Until now, large international construction firms and foreign banks have dominated the private sector partnership world. But today, local labor unions like the Northwest Building Trades and state public employee pension funds like the giant California Public Employee Retirement System want a piece of the action.
The potential for funding alliances between public entities and labor unions or public employee pension funds is an important consideration in a state that has banned most public-private partnerships.
We are not talking about foreign investors making huge profits and setting ever-higher tolls. Instead, the men and women who build the infrastructure would share in returns on the investment while the public retains control over toll rates.
As former U.S. House of Representatives Majority Leader Dick Gephardt noted earlier this year at our Cascadia Forum, “pension funds are patient funds, a 50-year return on investment” for union members and the public.
Pierce County projects have used both traditional and innovative financing. State gas tax revenue funded the approaches to the new Tacoma Narrows bridge. But an innovative “design-build” partnership with private companies, rather than the traditional design-bid-build development process, was used to keep bridge construction on budget and on time.
A new High Occupancy Tolled vehicle lane on Highway 167 will use the existing HOV lane but will also allow solo drivers access for a toll. This is a tentative but significant step toward regional tolling.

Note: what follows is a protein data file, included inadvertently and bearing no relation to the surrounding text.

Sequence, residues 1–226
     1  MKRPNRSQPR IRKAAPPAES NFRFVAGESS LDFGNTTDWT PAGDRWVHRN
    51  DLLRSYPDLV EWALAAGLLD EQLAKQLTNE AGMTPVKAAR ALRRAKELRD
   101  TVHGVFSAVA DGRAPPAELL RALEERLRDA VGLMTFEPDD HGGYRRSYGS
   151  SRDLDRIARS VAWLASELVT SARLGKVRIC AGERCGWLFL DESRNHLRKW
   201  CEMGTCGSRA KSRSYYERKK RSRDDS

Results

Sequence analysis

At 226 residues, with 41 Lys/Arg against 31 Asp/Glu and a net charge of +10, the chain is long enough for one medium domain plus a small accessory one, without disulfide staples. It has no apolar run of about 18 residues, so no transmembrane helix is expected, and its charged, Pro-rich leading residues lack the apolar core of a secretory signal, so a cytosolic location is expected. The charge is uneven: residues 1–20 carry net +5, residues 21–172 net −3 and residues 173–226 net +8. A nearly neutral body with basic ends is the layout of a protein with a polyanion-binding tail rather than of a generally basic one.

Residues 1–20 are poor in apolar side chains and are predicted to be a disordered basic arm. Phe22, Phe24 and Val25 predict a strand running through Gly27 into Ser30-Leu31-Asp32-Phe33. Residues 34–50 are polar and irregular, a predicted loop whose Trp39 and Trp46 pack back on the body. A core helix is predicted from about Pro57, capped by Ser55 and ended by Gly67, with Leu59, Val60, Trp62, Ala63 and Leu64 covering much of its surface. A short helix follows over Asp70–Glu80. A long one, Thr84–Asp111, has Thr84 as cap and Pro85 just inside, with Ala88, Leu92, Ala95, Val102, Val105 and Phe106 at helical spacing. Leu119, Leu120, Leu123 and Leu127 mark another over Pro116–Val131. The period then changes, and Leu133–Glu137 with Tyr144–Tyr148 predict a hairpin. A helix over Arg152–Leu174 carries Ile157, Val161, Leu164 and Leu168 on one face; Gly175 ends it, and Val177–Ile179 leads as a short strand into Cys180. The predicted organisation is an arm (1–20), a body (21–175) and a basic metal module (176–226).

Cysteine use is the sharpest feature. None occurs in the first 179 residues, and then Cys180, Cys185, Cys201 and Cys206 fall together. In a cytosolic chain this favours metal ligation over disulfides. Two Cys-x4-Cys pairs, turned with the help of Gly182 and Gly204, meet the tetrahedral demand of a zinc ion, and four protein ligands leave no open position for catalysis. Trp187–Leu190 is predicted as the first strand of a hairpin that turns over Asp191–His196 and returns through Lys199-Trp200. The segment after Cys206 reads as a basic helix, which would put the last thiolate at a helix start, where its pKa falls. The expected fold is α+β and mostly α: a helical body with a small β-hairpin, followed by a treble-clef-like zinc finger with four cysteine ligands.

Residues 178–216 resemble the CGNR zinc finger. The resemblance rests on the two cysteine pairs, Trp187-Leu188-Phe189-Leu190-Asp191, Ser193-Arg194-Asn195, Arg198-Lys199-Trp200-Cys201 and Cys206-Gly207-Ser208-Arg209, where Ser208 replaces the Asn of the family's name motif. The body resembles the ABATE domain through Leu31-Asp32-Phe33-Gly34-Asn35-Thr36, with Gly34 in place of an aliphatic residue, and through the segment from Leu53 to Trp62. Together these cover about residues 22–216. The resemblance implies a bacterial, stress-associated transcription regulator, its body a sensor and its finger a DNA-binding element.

Wringing more efficiency out of our existing transportation corridors while boosting safety is also essential. Motorists often wonder why traffic lights aren’t timed better. Help is on its way: The Puget Sound Regional Council is engaged in a major traffic light synchronization effort, prompted by remarkable savings in travel time and congestion in test corridors.
There’s more. Imagine cars and trucks equipped with collision avoidance systems to prevent those accidents that cause massive backups on congested freeways. Or imagine real-time, hands-free information systems in cars and trucks that enable users to avoid traffic bottlenecks, skirt adverse weather conditions or find needed services like a parking spot for a weary truck driver on Interstate 5.
The future of our transportation system depends on major catch-up investments in traditional metropolitan area roads, bridges and transit systems. But tapped-out taxpayers may not be able to fund all the long-delayed maintenance of the system, plus new construction.
If the regional package fails in November, all sides will need to get together to engineer an acceptable alternative. Without it, there will be the real chaos of a half-completed highway and transit system and some very frustrated taxpayers.
We’ve shown we’re not afraid to raise taxes to fund our infrastructure.
Let’s also use private sector talent to squeeze more productivity out of our transportation system, supplement revenue and control costs and develop a growing fleet of green cars, buses, trains, and passenger-only and car ferries.
We can expect a strenuous debate about the best ways forward. Yet one thing about the future of our region’s and nation’s surface transportation systems is certain: Financial, environmental and technological innovation is essential.
Bruce Agnew is director of the Cascadia Center for Regional Development at the Discovery Institute in Seattle. Steve Marshall is a senior fellow there. More information is available at www.cascadiaproject.org.